Imagine a robot or a drone that is made with a ‘skin’ of sorts capable of precise amounts of shock absorption, something tailored to meet the precise needs of the device. That’s exactly what MIT researchers have made possible via a new shock-absorbing 3D material for robots that offers all sorts of interesting properties, not the least of which is less bouncy, more precise and controlled landings after a blow.
Think of this material as being the very thing BattleBots creators dream of. The material is soft and made with a 3D printer, and it aims to make robots and other devices fitted with it more durable. This could be robots, of course, but also other things that have to take an impact and absorb high levels of shock: helmets, for example, or smartphones.
The new 3D printing method and material, dubbed the programmable viscoelastic material, was created by MIT Computer Science and Artificial Intelligence Laboratory (CSAIL) researchers. Rather than offering just a single level of shock absorption, the new material is designed to be ‘programmable,’ hence the name — each 3D printed part made of it can be set to a specific level of elasticity and stiffness, equipping it to respond to shocks in specific ways.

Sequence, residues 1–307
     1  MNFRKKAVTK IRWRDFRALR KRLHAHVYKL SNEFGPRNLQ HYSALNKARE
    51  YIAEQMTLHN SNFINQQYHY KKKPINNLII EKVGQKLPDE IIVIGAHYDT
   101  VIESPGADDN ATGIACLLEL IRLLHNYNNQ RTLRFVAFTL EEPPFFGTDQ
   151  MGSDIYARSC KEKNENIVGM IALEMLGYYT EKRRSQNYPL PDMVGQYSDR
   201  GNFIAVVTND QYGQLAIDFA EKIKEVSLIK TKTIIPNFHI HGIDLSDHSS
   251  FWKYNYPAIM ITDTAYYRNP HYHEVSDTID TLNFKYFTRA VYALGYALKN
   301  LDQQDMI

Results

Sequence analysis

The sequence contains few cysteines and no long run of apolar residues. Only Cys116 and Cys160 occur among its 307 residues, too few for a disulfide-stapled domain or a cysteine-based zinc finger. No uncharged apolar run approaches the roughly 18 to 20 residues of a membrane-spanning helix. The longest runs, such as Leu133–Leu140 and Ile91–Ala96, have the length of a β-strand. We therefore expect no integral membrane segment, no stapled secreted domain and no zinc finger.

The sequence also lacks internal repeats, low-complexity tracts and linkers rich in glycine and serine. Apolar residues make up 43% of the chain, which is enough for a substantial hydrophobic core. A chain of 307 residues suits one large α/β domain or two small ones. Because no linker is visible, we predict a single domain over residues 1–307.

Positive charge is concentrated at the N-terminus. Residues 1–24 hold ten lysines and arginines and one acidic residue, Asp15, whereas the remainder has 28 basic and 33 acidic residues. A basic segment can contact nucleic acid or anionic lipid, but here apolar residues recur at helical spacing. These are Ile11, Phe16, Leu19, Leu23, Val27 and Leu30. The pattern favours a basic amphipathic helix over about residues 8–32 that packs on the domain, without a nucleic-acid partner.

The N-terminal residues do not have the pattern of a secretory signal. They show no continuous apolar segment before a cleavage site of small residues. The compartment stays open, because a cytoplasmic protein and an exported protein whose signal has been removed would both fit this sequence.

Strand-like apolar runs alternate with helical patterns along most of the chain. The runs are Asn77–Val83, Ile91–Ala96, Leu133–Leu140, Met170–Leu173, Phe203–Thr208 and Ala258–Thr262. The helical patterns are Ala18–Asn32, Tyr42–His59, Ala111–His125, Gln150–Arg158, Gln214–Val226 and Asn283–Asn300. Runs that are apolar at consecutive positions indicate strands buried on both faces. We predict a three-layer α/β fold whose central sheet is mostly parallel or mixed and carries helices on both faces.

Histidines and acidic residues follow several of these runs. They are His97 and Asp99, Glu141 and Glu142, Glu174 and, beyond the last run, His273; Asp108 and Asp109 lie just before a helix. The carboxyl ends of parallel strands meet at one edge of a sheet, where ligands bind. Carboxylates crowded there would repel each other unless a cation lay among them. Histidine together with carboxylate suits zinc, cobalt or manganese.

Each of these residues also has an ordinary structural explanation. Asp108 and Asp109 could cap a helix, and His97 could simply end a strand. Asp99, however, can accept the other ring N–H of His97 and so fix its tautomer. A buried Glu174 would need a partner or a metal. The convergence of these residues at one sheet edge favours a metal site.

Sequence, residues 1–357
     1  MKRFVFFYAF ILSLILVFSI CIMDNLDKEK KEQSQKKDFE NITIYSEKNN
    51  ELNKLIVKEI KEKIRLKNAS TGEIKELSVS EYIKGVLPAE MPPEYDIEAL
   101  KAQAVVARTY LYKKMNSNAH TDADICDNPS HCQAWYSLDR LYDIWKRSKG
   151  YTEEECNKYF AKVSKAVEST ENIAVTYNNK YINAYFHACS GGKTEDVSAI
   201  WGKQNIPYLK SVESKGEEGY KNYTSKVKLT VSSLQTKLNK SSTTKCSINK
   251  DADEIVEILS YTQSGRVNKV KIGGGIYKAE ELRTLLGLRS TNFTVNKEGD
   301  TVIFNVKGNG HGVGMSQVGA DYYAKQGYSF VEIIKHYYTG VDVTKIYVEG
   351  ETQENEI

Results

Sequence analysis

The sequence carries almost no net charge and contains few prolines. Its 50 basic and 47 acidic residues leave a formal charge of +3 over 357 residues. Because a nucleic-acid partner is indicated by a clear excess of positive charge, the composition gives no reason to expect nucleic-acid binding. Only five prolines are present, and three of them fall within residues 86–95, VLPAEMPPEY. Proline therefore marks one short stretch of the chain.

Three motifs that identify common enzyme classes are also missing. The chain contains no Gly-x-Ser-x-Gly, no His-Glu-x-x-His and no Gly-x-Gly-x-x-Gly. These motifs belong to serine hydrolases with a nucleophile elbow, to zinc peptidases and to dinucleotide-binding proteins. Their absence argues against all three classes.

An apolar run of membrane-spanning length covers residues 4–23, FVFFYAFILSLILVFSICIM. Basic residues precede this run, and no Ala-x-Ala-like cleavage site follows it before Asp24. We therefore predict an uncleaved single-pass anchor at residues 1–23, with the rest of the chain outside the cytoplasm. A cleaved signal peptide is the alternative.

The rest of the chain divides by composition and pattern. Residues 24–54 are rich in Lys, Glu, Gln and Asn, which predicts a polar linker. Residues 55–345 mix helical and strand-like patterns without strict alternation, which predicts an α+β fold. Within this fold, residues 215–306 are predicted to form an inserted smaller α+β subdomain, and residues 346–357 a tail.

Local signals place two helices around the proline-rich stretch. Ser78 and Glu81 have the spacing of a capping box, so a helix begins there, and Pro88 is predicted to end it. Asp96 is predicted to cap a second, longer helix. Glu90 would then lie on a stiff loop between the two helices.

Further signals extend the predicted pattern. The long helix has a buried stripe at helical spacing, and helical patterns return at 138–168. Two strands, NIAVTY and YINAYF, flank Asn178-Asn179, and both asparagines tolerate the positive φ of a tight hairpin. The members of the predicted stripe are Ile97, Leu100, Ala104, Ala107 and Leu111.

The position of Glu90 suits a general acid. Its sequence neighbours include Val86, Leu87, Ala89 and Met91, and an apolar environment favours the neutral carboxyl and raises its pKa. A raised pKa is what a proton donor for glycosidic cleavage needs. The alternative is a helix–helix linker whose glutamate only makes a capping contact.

This is demonstrated by the robotic cubes shown above — one has much less bounce than the other, able to land more precisely and more quickly as a result. One obvious use for such material would be in drones, particularly delivery drones that may be carrying heavy payloads and would be at risk of breaking in the event of a crash or collision. It’s not clear at this time what future plans the researchers may have for their material.